by Kimberly Winters, SMART Recovery Volunteer Meeting Facilitator
Do you sometimes experience difficult thoughts and emotions…the kind that lead to unwanted behaviors?
Emotional upsets can wreak havoc with addiction recovery. SMART Recovery offers tools for disputing difficult thoughts, by examining those thoughts to see if they are true, helpful, hopeful, flexible and nurturing!
Did you know that having a tangible object for each of those questions can be helpful? Below are some suggestions for items to help with that!
All of these items can be found around the house, outdoors or at the craft store!
- Is this thought TRUE? Find a nice smooth and heavy rock and write TRUE? on it with a black sharpie. Put that rock in your hand and hold onto it while you help your thought pass through the truth test.
- Is this thought HELPING me? Find something with a smiley on it like a small yellow ball with a smiley face on it or a sticker or even a little kid toy that looks friendly.
How can you prevent relapse?
Henry Steinberger, Ph.D.
Relapse prevention is essential in recovery from chemical and behavioral addictions. Why? Because addiction has been found to reoccur more often when steps are not taken to cope with the cravings, urges, peer pressures, situational cues, bodily discomforts, neuro-biological changes, and other factors which pave the way for slips and relapses.
Therefore, we regard relapse as a “normal” (though distinctly undesirable) possibility on the road to recovery. When you choose to view a relapse as a mistake, grist for the mill, a learning opportunity and a discrete single event rather than viewing it as a total failure and as evidence predictive of failures, then your chances for success increase greatly.
“The person who really thinks, learns quite as much from his failures as from his successes.” – John Dewey
Top 10 relapse prevention strategies
1. Learn to willingly accept your mind – The first step to preventing relapse is to Continue reading
by Windy Dryden, Ph.D., Dept. of Psychology, Goldsmiths College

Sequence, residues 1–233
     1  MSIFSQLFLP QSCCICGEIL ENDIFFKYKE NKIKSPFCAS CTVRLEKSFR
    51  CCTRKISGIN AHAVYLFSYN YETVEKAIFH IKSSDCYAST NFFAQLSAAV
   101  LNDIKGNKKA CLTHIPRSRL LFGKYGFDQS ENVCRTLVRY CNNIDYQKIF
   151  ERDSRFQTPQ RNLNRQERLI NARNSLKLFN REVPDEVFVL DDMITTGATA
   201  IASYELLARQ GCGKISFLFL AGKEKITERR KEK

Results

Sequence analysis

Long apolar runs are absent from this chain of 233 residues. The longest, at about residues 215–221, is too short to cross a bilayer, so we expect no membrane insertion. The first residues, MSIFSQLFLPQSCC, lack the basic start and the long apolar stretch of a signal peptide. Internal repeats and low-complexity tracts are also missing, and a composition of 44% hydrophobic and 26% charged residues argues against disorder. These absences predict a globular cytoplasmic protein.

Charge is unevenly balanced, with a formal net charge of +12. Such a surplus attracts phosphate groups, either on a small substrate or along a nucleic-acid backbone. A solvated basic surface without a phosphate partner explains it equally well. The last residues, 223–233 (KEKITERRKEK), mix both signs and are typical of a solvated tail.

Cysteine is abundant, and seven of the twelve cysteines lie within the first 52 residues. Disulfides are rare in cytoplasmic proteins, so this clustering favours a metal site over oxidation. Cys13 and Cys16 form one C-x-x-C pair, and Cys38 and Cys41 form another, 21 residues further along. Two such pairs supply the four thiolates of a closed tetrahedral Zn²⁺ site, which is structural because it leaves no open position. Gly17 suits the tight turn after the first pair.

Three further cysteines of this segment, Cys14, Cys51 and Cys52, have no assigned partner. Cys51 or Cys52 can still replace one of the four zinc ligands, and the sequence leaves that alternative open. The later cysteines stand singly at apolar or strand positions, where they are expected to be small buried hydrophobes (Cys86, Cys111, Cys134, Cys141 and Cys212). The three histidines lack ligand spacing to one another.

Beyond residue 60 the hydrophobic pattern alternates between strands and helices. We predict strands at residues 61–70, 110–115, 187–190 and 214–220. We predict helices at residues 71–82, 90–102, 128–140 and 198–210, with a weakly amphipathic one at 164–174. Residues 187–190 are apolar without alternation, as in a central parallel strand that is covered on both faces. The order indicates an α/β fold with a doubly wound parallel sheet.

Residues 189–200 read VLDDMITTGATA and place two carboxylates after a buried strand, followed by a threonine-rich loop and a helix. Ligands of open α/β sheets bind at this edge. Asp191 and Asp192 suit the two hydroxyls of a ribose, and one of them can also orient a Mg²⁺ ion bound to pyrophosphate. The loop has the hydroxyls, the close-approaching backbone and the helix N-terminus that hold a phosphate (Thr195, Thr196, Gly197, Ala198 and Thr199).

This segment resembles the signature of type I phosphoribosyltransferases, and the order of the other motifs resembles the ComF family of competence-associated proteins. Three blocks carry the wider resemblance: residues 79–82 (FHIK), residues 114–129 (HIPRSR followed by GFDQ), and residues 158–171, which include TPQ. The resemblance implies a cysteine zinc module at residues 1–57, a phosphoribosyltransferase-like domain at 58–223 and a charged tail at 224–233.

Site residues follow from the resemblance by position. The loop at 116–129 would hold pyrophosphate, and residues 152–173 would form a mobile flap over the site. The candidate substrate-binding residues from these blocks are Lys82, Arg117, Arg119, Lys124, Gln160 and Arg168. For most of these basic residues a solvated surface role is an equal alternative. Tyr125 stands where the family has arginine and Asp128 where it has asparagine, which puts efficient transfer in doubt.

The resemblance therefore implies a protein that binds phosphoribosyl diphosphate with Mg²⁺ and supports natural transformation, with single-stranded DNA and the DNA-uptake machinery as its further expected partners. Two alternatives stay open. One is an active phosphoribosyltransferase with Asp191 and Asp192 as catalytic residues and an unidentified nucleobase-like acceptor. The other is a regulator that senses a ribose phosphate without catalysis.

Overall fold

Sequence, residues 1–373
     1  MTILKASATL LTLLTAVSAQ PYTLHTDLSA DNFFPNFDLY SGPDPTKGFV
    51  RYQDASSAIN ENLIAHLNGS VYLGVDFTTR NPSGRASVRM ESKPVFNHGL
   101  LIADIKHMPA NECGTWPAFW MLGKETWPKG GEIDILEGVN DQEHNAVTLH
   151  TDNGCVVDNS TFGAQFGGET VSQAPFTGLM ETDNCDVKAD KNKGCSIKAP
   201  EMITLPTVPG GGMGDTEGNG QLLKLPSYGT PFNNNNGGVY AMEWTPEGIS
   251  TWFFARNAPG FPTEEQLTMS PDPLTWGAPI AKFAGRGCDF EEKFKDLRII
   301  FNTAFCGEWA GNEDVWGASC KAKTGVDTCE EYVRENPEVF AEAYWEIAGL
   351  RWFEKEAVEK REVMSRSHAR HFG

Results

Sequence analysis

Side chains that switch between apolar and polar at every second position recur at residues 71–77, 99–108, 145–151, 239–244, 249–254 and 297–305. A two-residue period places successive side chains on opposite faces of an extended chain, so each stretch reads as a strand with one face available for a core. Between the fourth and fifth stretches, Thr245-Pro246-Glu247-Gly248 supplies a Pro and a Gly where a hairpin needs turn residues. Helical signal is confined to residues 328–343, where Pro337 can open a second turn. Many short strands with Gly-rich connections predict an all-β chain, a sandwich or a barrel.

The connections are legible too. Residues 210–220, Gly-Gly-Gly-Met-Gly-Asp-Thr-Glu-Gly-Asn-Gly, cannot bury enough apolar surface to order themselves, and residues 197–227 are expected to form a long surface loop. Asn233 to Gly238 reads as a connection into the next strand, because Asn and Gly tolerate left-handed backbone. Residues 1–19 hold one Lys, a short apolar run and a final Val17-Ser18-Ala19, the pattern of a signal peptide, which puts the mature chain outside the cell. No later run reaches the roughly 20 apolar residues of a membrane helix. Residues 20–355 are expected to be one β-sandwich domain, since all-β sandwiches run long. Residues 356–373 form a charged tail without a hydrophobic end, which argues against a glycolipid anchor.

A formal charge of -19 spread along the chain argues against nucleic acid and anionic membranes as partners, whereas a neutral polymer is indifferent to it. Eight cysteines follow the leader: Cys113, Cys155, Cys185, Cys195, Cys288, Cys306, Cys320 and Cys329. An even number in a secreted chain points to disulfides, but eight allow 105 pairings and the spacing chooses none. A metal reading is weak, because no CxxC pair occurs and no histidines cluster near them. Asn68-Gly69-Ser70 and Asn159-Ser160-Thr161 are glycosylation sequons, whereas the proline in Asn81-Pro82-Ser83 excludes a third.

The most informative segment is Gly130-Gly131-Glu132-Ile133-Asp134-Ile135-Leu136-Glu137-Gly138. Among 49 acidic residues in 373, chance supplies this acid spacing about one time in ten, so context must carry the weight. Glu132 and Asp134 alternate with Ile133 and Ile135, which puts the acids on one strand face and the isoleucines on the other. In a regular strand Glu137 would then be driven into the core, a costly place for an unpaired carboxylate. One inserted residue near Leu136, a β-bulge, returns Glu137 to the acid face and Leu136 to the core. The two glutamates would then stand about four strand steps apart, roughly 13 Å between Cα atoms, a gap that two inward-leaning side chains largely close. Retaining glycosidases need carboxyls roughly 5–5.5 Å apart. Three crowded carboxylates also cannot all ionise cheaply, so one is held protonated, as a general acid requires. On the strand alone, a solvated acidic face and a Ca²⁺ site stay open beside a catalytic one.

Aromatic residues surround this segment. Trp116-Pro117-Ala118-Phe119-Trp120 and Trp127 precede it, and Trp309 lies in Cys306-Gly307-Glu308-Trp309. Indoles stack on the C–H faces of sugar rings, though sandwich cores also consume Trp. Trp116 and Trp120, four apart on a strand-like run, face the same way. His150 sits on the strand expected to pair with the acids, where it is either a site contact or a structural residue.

I have worked as a counseling psychologist for over ten years. One of the most common problems that people consult me on is anxiety when the source of that anxiety is unclear to them. When people are anxious about specific things in the world, like dogs, spiders or other people’s negative reactions, then at least the person knows what he or she is anxious about. However, a lot of people are anxious about being anxious and this is so common and yet so frequently misunderstood that such lack of knowledge leads to more anxiety.
Anxiety about anxiety occurs when you first experience a fearful reaction, say, while shopping, riding in a lift, driving in a car or even in your home. Having experienced this anxiety (problem 1) you begin to become anxious in case you get anxious again (problem 2). This double-barreled situation is the breeding ground for the development of your vicious circle of anxiety from which you find it so difficult to escape. Understanding this process is the first step to solving the problem.
Let me explain this vicious circle in greater detail. Once you have experienced anxiety “for no good reason,” you then bring an anxious attitude to the prospect of getting anxious. You think something like “Wouldn’t it be terrible if I got anxious.” Thinking in this way actually leads to anxiety. You then notice your anxiety and think something like “Oh my god, I’m getting anxious.” This leads to increased anxiety which triggers a further thought like “Oh my god, I’m losing control. What if I faint (or panic, have a heart attack or act crazily); wouldn’t that be terrible!” Anxiety is again heightened which leads to more anxious “thinking” and so on. Now this pattern occurs incredibly quickly and you probably are only aware of a building sense of panic. In addition, you may be one of a large number of people who “overbreathe” when you get anxious. This means that you take in too much oxygen and feel, paradoxically, that you need to breath in more air, whereas you actually need less. “Overbreathing” leads to such sensations as tingling, faintness, giddiness and heart palpitations. Without knowing this, you may consider that these sensations are evidence that there really is something wrong with you and “that would be awful.” This though leads to more anxiety and the vicious circle continues.